Antarctic Sea-Ice Thickness Retrieval from ICESat: Inter-Comparison of Different Approaches


REMOTE SENSING, vol.8, no.7, 2016 (SCI-Expanded) identifier identifier

  • Publication Type: Article / Article
  • Volume: 8 Issue: 7
  • Publication Date: 2016
  • Doi Number: 10.3390/rs8070538
  • Journal Name: REMOTE SENSING
  • Journal Indexes: Science Citation Index Expanded (SCI-EXPANDED), Scopus
  • Istanbul Technical University Affiliated: No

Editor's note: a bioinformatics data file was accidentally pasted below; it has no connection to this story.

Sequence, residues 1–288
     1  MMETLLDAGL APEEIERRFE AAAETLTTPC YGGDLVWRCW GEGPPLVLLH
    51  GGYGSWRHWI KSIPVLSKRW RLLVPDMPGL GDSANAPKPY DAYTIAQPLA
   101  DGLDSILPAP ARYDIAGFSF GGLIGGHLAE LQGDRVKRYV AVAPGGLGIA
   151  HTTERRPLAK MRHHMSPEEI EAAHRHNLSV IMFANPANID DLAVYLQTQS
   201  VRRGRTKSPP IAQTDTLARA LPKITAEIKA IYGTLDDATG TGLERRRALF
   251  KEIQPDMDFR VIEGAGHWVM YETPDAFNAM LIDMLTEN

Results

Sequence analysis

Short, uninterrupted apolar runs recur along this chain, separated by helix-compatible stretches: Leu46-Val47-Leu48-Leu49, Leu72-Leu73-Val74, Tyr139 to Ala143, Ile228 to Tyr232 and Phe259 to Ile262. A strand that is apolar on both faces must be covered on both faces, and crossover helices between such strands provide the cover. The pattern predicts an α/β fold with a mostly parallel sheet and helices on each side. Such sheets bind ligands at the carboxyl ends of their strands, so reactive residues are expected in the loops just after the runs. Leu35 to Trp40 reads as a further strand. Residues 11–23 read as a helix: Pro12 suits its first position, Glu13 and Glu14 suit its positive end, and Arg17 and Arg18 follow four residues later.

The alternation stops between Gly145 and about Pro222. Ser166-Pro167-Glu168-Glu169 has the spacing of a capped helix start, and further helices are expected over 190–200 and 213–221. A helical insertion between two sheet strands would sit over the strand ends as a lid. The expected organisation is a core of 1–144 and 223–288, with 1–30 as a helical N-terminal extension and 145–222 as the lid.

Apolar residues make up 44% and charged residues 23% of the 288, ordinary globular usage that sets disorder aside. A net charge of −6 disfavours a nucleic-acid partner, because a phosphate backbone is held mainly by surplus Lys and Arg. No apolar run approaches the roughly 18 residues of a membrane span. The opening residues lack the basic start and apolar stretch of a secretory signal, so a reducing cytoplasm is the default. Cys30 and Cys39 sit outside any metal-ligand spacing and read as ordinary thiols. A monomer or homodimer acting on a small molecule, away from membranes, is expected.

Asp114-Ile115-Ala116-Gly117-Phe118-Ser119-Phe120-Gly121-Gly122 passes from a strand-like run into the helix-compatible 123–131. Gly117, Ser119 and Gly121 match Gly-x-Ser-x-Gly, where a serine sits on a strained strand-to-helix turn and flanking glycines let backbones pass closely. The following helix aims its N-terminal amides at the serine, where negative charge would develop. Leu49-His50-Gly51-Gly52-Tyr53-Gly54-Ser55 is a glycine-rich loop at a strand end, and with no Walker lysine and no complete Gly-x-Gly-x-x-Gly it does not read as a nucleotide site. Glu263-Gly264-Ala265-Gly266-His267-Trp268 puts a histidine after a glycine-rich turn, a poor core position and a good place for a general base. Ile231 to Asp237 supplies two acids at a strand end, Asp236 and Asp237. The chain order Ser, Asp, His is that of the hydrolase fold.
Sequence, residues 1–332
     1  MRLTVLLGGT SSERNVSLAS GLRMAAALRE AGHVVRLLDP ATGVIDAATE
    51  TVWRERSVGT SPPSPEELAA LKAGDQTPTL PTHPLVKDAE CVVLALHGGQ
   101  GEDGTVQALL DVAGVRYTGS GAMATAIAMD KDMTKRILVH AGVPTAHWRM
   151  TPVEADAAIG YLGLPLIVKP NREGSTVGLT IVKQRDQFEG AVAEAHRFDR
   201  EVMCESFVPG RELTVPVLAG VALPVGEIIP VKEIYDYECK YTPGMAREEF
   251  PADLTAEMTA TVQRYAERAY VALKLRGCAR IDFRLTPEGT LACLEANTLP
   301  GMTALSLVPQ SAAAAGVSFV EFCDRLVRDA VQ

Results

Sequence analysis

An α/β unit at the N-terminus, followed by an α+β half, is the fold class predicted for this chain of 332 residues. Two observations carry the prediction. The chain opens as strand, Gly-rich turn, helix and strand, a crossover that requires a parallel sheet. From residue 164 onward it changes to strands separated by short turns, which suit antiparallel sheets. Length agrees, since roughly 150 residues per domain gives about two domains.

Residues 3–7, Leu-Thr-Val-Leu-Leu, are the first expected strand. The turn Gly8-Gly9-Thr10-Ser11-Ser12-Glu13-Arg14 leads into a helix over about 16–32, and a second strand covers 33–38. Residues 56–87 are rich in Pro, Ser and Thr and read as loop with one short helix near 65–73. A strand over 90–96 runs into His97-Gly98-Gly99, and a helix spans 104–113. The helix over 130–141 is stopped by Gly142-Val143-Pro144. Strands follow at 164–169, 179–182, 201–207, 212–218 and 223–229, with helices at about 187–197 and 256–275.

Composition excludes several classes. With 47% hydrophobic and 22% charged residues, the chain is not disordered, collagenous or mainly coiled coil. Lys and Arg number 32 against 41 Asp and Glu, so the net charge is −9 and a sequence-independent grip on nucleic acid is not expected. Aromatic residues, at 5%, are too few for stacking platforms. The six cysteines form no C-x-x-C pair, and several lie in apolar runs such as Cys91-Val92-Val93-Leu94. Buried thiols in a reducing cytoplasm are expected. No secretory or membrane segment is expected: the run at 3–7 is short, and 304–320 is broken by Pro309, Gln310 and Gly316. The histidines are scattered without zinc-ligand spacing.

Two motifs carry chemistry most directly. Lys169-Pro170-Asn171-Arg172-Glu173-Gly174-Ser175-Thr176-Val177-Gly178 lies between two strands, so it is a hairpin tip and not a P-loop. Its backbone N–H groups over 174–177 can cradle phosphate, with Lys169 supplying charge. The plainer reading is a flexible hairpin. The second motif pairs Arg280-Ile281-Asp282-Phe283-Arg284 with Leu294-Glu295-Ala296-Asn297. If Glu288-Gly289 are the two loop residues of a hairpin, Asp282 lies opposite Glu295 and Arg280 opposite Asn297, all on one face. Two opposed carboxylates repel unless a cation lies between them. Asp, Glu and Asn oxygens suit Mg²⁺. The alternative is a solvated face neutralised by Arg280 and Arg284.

Accurate circum-Antarctic sea-ice thickness is urgently required to better understand the different sea-ice cover evolution in both polar regions. Satellite radar and laser altimetry are currently the most promising tools for sea-ice thickness retrieval. We present qualitative inter-comparisons of winter and spring circum-Antarctic sea-ice thickness computed with different approaches from Ice Cloud and land Elevation Satellite (ICESat) laser altimeter total (sea ice plus snow) freeboard estimates. We find that approach A, which assumes total freeboard equals snow depth, and approach B, which uses empirical linear relationships between freeboard and thickness, provide the lowest sea-ice thickness and the smallest winter-to-spring increase in seasonal average modal and mean sea-ice thickness: A: 0.0 m and 0.04 m, B: 0.17 and 0.16 m, respectively. Approach C uses contemporary snow depth from satellite microwave radiometry, and we derive comparably large sea-ice thickness. Here we observe an unrealistically large winter-to-spring increase in seasonal average modal and mean sea-ice thickness of 0.68 m and 0.65 m, respectively, which we attribute to biases in the snow depth. We present a conceptually new approach D. It assumes that the two-layer system (sea ice, snow) can be represented by one layer. This layer has a modified density, which takes into account the influence of the snow on sea-ice buoyancy. With approach D we obtain thickness values and a winter-to-spring increase in average modal and mean sea-ice thickness of 0.17 m and 0.23 m, respectively, which lay between those of approaches B and C. We discuss retrieval uncertainty, systematic uncertainty sources, and the impact of grid resolution. We find that sea-ice thickness obtained with approaches C and D agrees best with independent sea-ice thickness information-if we take into account the potential bias of in situ and ship-based observations.